With a work like Mike Parr’s Hold Your Breath for as Long as Possible (1971), the title of the work is its own event-score. Parr needs only follow the instruction implicit in the title, which he does, filming himself in the process. The visible/material impact of Parr following his own instruction is somewhat paradoxical. His controlling proposition results in his body getting out of control, bucking and contorting, his eyes going all buggy. The film is “evidence”, it contains an imprint (an “account”) of Parr’s actual experience in that moment – the battle between mind and body as he tries to hold his breath.
A classic case of a propositional event-score is John Cage’s 4’33”, his “silence” piece. Presented in a music / concert-hall setting, the musician opens the score and plays – nothing – for four minutes and thirty three seconds. The performance of this score/instruction results in an incredible expansion of awareness, in the audience, about the nature of sound and noise and music and the social situation of listening to music. But it has to be actually enacted and experienced for this effect to occur. The great thing about 4’33” is that anyone can perform it (it is not restricted to the work’s author) and wherever it is performed it will generate an experience which grows from the particular architecture, social situation etc of this time and place.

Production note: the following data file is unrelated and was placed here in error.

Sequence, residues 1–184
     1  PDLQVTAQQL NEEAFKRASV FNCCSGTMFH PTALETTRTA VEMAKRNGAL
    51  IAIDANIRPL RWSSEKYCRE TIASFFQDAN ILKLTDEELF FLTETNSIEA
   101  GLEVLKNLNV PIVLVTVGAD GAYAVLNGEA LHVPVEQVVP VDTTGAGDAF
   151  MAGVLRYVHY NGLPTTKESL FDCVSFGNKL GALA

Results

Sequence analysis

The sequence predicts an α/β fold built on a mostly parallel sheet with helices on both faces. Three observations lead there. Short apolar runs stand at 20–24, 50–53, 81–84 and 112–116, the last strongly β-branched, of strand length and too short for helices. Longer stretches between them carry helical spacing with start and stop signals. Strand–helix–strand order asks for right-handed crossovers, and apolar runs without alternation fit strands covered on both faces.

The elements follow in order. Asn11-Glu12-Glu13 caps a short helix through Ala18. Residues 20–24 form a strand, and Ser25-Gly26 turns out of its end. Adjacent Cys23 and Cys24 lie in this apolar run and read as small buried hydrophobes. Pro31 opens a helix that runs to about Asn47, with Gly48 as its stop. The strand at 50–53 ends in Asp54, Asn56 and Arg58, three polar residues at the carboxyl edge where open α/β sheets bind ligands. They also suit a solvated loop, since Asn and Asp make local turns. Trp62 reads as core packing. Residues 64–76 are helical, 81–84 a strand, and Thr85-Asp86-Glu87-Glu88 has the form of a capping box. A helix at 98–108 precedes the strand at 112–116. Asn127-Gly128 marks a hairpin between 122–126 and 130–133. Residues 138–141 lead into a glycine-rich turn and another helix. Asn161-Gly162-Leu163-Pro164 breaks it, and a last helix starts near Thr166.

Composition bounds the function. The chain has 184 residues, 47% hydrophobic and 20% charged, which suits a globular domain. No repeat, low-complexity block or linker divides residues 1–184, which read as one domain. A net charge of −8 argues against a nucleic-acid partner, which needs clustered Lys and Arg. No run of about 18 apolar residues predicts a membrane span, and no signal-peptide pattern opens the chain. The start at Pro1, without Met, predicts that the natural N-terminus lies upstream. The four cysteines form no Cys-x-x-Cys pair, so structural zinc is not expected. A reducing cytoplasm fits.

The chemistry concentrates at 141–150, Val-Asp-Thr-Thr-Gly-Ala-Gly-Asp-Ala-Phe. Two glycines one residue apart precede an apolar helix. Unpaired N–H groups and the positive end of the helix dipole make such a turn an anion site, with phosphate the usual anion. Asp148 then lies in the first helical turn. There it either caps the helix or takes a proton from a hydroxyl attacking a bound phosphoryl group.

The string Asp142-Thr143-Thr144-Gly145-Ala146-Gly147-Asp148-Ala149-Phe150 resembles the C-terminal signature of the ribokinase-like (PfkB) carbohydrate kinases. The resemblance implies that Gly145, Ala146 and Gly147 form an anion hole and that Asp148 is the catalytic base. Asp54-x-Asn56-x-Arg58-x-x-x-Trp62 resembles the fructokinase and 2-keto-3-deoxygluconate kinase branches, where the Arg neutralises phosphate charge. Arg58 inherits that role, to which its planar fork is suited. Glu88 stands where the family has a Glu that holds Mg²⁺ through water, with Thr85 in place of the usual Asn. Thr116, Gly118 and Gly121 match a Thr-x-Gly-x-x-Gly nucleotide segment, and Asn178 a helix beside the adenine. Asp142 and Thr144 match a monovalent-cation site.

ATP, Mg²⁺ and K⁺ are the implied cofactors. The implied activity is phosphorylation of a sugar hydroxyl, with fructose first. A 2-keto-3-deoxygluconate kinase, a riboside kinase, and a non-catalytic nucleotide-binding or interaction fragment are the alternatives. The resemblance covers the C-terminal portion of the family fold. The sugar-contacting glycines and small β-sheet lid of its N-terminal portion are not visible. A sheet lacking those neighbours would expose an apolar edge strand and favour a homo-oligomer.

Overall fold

What I am interested in doing is practicing an everyday kind of performance art – not in the theatres and galleries which are its usual domain – but in the spaces and rituals of my own life. The “what would happen if…?” proposition thus moves into my own life’s processes.